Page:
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Alaska Forest Association spokesman Owen Graham's statement that Silver Bay's problem is timber supply is bunk. Right now, Silver Bay owns 16 timber sales, totaling over 60 million board feet - all free and clear of any injunction, and available to log at any time. For contrast, all Southeast operators logged a total of 34 million board feet last year. Silver Bay owns enough wood to dominate the region's logging for nearly two years. And if that wasn't enough, there are over 3 billion board feet of timber on private lands that Silver Bay could bid on, buy and log.
The state of Alaska tells us that roughly a third of the region's timber workers are from out of state, and the Forest Service says that a huge portion of Silver Bay's timber is exported in the round. No matter what one thinks about logging, Silver Bay simply doesn't support Alaskans like it should.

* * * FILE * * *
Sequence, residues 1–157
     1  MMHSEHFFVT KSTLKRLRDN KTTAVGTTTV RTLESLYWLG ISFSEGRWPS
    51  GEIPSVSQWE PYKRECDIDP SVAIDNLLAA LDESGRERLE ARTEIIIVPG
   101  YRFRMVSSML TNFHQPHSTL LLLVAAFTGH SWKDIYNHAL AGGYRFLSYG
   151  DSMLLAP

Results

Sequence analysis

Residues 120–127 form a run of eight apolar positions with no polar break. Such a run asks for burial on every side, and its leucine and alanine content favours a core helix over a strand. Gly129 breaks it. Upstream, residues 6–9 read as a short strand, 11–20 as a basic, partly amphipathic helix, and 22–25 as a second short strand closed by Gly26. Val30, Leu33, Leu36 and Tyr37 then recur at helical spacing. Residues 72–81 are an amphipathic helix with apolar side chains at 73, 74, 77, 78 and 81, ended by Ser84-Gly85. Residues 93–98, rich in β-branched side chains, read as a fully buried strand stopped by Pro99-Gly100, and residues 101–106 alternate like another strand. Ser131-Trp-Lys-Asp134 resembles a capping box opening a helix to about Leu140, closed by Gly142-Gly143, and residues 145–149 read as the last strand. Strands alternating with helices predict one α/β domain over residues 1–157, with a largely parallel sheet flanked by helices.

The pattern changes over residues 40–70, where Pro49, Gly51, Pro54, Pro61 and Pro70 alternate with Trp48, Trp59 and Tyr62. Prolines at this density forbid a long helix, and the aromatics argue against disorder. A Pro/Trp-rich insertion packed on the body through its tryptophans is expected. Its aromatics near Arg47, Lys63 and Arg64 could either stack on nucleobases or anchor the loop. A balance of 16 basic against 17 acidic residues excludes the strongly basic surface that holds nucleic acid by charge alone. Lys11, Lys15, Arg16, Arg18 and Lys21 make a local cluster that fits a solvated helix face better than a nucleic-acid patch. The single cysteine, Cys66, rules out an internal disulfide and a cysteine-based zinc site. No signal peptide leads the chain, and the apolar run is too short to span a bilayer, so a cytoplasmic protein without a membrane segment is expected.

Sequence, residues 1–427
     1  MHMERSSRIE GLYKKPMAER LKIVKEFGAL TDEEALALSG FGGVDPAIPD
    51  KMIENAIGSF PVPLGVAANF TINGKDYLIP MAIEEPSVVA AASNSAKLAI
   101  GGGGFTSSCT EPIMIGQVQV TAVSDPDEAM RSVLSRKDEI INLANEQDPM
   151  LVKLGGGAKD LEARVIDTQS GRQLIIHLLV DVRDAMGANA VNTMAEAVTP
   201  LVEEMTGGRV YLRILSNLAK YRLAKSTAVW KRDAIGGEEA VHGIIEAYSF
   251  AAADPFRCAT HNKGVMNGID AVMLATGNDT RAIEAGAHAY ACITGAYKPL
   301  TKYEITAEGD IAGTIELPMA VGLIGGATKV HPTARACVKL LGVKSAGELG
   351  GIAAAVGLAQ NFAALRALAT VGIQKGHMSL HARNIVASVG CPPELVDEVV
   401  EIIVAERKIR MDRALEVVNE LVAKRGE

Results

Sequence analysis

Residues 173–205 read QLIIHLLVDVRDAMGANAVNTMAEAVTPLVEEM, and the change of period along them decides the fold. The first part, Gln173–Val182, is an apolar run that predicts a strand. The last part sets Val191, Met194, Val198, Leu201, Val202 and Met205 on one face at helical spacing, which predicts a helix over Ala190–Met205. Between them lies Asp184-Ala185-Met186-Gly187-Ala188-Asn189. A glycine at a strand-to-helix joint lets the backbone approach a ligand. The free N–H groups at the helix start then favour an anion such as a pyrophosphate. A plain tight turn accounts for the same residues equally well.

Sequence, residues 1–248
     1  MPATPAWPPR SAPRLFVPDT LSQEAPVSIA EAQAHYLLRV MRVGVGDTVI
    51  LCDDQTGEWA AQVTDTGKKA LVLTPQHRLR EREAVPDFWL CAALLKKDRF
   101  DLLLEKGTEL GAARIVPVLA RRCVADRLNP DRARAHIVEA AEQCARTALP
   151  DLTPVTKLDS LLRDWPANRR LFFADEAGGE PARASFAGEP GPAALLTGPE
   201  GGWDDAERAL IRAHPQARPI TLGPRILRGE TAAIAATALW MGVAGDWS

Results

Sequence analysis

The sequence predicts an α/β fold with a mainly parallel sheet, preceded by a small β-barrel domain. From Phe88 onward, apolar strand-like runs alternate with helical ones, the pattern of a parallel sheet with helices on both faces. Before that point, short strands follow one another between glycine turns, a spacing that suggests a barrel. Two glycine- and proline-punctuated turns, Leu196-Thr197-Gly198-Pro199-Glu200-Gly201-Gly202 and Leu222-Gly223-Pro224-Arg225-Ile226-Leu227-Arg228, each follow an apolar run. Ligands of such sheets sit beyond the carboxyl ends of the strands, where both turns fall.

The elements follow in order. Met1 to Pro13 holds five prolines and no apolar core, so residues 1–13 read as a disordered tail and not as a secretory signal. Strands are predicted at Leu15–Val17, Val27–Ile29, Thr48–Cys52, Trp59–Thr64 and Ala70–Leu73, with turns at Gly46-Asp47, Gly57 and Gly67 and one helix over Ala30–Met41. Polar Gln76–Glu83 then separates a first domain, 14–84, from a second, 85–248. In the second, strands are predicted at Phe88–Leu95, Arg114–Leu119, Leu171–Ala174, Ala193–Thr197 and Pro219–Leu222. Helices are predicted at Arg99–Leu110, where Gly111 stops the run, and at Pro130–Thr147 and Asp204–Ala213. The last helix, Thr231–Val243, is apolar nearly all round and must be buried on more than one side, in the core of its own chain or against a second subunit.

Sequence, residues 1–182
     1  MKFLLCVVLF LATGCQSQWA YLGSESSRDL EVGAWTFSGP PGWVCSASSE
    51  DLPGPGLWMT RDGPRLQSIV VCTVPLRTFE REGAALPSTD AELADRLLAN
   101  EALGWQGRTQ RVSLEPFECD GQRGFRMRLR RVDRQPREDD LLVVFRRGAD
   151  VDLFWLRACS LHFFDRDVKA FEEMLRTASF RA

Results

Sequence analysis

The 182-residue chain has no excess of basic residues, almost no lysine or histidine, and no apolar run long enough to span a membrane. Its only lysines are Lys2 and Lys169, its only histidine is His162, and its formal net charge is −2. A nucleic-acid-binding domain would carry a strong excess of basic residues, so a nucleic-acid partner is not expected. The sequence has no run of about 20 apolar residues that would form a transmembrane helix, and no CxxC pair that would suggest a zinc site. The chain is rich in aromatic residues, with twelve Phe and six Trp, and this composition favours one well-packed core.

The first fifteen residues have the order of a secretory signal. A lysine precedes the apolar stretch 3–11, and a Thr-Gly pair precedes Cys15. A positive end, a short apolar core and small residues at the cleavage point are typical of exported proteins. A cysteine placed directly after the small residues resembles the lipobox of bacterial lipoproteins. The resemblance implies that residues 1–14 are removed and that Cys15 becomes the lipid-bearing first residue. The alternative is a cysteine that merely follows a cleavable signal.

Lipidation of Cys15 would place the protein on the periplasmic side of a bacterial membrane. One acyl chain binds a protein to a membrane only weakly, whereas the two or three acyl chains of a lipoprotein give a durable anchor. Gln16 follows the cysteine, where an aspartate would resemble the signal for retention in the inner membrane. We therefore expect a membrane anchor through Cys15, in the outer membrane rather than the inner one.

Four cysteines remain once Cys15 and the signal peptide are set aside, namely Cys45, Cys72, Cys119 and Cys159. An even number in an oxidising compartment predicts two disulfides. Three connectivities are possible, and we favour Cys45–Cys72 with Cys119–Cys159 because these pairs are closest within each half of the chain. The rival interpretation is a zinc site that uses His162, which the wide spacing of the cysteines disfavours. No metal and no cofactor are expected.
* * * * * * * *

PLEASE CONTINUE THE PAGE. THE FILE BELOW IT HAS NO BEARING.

Silver Bay's bankruptcy filing shows the obvious about Southeast Alaska's timber future. The global timber market is in the tank, and nobody can make money off Tongass timber. The Forest Service itself lost more than $36 million on selling Tongass timber last year. That means historic logging practices - large-scale clearcutting with lots of expensive road-building - are obsolete. Gov. Murkowski, Alaska Forest Association and others should find ways to jumpstart small-scale, high value-added ventures that pay their own way and make jobs for Alaskans, like producing duraflame logs and cedar chip-filled dog beds. It would be foolish to react to the bankruptcy announcement by calling for more logging of the Tongass National Forest.